Has there been a situation where you’ve had a plot development on your mind and you’ve thought, “Let’s save that for later?”
JF: I remember we had some very fixed ideas about how season two was going to unfold. There were certainly some surprises along the way. When we got to the end of season two, I remember sitting in our writers’ room with the entire staff, and we were trying very hard to get to a certain moment in Stan’s story that we had pegged for the end of season two. At one point, we all looked at each other and said, “Well, who cares?” We’ll just tell the best story we can. Whatever spills into season three will spill into season three. To me, that was a real pivotal moment for us in the show.
Do you look at seasons and predetermine plot points or themes, or is it more often driven by what the characters are doing?
JW: We do start out with certain stories that we want to tell, and certain things we want the characters to experience and go through in that season. But it’s wide open. If we don’t get to the end of the story we wanted to tell, that’s generally okay. We can carry over to the next season. Even if it was something that we think of as a one-season story, we’re still willing to carry that over into the next season. Usually if it’s a one-season story, we get to the end of it, but sometimes we don’t.
To what extent, are you taking into account people who might be coming to this show later and binging six episodes at a time?
JF: We do find ourselves talking about it, because it’s the way people watch TV.
JW: The real difference isn’t in how we plan, but in what we don’t have to plan. We don’t have to worry about super close-ended episodes, as one used to. That’s something that’s kind of liberating as well. The pressure of figuring out the plot concept two minutes in is less important now than the character journey.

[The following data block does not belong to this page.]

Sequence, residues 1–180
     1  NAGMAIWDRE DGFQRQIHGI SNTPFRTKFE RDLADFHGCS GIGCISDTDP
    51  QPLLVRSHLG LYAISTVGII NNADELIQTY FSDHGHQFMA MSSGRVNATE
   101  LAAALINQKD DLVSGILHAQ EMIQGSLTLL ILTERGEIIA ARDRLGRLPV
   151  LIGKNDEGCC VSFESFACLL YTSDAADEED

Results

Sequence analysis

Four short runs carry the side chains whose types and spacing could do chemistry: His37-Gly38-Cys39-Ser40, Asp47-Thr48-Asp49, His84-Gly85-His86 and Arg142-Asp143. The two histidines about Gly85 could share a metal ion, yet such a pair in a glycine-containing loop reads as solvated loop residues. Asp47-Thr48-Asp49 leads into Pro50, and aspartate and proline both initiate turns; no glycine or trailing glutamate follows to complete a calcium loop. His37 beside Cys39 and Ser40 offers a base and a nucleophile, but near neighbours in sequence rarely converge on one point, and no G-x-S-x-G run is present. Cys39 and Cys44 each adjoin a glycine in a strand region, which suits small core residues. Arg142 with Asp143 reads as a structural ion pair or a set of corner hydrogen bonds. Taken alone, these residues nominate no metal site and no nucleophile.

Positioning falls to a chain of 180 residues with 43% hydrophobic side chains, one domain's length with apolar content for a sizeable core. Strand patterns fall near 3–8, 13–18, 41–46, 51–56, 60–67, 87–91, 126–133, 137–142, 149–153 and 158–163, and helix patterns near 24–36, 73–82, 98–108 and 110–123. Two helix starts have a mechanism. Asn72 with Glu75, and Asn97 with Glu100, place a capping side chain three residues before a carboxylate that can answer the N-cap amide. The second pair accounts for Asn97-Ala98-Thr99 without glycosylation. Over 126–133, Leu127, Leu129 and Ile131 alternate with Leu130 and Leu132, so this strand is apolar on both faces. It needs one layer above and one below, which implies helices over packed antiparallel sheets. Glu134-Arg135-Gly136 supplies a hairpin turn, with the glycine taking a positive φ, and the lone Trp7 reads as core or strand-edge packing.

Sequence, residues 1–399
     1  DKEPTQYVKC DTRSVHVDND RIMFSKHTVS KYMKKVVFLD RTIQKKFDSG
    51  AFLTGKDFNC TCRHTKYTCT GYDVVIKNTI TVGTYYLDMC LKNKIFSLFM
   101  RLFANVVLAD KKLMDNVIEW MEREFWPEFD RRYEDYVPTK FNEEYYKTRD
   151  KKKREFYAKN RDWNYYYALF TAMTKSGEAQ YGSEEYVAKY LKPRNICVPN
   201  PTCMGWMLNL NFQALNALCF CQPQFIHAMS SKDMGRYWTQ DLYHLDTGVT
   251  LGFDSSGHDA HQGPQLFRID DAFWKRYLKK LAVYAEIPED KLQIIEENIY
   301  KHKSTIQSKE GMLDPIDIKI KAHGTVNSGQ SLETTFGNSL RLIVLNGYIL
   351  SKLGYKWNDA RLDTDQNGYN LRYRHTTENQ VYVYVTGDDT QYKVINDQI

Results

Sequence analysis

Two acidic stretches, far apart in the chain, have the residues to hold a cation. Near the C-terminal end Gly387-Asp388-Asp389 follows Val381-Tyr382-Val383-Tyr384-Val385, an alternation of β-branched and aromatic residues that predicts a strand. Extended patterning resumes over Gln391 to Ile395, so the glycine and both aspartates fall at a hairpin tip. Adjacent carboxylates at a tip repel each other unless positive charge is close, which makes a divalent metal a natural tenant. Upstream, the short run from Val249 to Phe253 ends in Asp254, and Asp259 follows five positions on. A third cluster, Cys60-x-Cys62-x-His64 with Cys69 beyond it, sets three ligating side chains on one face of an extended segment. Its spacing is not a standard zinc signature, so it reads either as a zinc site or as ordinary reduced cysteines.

How did you decide to introduce the chemical-warfare element this season? Had there been any talk of doing that earlier?
JF: That’s a story we love. It’s a very long-running issue between the Soviets and the Americans. We’re really looking for espionage stories that we can tell differently. That’s a story that usually gets told as, “Oh my God, the biological weapons could be released and everyone on the Eastern seaboard is going to die!” We had a different way to tell it.
How did you settle on Dylan Baker for the central role in that story? He brings a distinctive comedic tone to the series.
JF: Both Joe and I are huge Dylan Baker fans. One thing we talked about to him early on was that the character could capture a different tone, and that part of that tone could be that distinctive Russian wit that lives in the soul of somebody who’s been here for many, many years, who’s been here alone, and who’s able to be wry in the trenches, as opposed to carrying everything only heavily. We think it’s been great to have that color on the show this season.